Most people like to talk about politics and religion just as much as they like to have a root canal with only a shot of Jack to put them under. Other, like me, like my fellow bloggers and others, talk of it, but try to keep it apart. Some, though, don't even know they're preaching when they talk. These people, usually the far left, are astounded when you tell them they sound like a religious person. Welcome to political religion, folks.
For most of the existence of conflicting ideologies, religion and politics were pretty much interwoven. Got a problem with the monarchist next to you? Probably has to do with his God just as much as his ideas. Around the Renaissance, politics and religion slowly separated, though it was never fully pulled apart. During the 1700s and through the American Revolution, the idea to keep politics out of religion became a mainstay of our Founding Fathers. Jefferson's letter that talks about the separation of church and state was about limited government, not expanding government to suppress public religious expression, as the ACLU seems to think.
Arriving in the 20th century, we come across a new faith, a dangerous faith. This faith comes in the form of extreme nationalism, collectivism, ethno-centrism and secular fanaticism. Governments like the Nazis, the Fascists, the Stalinists, the Titoists, the Khmer Rouge, the Maoists, and so on. These so-called atheists, anti-Christians and pagans did not embrace the traditional religious view. In fact, they did their best to wipe it out. Italy imprisoned the Pope, Germany wiped out Jews, Christians and Gypsies, China annihilated traditional beliefs and monuments, Russia devastated the Orthodox Church; all this was done in the name of not another God, but in the name of an ideology. In the 20th century, political religion was born.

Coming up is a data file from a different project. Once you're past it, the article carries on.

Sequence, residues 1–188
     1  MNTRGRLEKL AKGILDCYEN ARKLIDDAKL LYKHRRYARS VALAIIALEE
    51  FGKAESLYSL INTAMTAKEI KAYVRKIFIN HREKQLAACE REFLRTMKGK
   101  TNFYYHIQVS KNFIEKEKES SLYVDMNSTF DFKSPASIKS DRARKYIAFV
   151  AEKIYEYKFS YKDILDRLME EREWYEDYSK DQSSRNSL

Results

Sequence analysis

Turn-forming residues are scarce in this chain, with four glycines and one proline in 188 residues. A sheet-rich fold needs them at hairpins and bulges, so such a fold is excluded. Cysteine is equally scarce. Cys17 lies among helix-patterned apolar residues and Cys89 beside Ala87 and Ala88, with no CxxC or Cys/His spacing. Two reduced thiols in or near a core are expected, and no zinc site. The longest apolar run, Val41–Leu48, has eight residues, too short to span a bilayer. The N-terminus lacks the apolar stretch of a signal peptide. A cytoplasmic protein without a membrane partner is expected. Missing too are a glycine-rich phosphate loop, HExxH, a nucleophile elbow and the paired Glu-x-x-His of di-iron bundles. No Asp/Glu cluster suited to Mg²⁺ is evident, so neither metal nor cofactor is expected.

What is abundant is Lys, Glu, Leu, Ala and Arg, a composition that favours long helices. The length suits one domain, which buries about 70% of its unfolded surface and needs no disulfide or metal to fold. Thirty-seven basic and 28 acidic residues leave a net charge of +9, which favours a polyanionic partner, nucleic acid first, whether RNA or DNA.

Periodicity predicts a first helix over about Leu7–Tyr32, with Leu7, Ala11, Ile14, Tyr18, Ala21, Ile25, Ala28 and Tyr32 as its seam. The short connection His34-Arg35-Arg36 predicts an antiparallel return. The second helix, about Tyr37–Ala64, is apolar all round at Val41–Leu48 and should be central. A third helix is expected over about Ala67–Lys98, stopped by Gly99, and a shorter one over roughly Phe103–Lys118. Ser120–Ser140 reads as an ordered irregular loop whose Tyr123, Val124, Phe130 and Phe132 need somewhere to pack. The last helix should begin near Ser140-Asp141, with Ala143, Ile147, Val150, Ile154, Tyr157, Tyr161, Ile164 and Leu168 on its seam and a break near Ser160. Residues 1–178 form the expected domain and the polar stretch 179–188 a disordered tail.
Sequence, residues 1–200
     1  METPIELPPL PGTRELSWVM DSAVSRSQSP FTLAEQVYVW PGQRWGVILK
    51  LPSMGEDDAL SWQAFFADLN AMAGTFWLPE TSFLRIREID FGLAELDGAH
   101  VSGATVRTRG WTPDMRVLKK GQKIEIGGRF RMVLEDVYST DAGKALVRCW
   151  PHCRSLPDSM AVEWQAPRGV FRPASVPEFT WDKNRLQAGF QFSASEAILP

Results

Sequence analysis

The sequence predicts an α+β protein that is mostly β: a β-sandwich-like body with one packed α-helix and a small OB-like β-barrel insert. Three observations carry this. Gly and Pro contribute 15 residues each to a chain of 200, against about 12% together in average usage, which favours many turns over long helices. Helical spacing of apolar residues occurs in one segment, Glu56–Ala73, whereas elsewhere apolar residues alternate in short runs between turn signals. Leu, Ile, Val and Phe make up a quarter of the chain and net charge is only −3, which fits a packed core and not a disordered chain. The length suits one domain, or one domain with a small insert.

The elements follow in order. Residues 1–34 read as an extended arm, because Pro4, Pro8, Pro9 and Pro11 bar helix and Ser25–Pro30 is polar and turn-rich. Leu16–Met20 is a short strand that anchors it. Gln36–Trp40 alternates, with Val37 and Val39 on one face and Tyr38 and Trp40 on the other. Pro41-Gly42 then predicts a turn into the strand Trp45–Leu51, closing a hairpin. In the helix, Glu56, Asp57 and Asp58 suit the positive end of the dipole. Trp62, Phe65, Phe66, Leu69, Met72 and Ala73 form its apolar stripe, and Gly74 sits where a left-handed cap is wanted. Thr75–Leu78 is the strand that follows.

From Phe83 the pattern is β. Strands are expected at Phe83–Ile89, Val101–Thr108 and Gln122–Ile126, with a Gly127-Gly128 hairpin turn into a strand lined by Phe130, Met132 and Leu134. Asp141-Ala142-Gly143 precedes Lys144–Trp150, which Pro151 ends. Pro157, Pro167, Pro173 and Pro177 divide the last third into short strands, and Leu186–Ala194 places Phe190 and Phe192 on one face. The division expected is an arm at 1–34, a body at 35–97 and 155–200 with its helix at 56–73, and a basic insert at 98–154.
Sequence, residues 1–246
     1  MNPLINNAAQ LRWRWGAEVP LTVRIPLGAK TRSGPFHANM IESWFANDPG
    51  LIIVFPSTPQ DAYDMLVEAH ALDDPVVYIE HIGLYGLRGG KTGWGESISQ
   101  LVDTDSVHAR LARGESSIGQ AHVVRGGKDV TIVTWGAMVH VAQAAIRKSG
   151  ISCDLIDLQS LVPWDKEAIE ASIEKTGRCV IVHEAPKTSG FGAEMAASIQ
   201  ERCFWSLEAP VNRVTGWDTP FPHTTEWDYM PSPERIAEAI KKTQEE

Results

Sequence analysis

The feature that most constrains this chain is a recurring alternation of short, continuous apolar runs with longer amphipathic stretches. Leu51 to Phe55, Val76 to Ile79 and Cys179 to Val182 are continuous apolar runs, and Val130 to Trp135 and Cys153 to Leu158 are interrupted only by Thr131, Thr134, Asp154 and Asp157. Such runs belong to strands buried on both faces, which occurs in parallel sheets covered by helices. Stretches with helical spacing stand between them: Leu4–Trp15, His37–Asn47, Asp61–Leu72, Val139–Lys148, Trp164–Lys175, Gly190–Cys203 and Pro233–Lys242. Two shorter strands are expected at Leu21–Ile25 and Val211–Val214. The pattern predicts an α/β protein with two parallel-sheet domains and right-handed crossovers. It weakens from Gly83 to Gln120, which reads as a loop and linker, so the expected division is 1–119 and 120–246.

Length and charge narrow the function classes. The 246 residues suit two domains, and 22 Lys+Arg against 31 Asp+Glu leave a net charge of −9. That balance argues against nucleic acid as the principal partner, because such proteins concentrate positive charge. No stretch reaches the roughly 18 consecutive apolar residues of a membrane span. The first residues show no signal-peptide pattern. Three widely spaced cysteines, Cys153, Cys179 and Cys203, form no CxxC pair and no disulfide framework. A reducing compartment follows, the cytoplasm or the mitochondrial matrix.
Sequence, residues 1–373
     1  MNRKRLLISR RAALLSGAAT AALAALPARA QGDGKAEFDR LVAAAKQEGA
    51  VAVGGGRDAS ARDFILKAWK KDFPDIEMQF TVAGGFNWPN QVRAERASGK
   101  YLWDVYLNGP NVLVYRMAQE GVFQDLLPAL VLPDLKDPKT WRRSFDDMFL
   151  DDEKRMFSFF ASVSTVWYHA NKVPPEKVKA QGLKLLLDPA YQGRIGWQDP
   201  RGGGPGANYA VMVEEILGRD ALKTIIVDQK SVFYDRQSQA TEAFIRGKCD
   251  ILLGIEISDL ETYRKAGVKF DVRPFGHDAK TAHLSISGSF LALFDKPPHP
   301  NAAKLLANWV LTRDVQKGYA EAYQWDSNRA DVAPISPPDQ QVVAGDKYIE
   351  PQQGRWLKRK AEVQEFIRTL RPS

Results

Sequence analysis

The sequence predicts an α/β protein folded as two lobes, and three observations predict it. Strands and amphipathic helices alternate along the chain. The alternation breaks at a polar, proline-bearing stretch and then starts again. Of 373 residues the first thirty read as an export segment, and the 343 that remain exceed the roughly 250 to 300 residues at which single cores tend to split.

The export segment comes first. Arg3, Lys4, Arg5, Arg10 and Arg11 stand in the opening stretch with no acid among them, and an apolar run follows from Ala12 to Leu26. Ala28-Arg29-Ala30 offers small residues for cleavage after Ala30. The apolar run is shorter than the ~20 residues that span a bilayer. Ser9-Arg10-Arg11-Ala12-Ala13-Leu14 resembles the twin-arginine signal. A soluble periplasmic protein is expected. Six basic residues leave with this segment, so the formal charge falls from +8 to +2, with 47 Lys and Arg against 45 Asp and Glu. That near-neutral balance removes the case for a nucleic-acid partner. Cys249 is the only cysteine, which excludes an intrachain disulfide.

In today's America, we've recently seen political religion rear it's head in the historic election of President Barack Obama. A masterful organizer, the President rallied both leftists, liberals and moderates to his cause. He also had a following that bordered on a cult. School teachers had their students sing songs about him. Artists superimposed Obama on various religious figures. Smart kids like Ezra Klein couldn't keep from gushing huge amount of love onto their blogs, articles and speeches. Many may have voted for him because they liked his ideas, but there were plenty of people that were more enamored with future President Obama than with future President Obama's policies.
I bring up political religion because there are some true believers out there and the health care debate has flushed them back out into the spotlight. May it be Tweets that know the health care bill will "provide". Or the complete dishonesty of outlets like MSNBC who portray armed protesters as racists, but their example was an armed conservative black man who's ethnicity they cleverly cropped out of their footage.
Thanks to our system, we have yet to have a mass movement like that of the Fascists or Nazis or Maoists. Our decentralized society allowed for one part of the country to fall into the political religion trap while other, smarter folk realized the danger and voted the leaders out of Congress or the Presidency. Alas, the way our government is centralizing every year, it may come to a point in the far future where a fanatic ideological movement may have the ability to co-op the entire country. It won't be soon, of course, but I wouldn't doubt that by the time I'm old enough to not get Social Security, we may have to deal with such a movement, but only if nothing from now 'til then changes.
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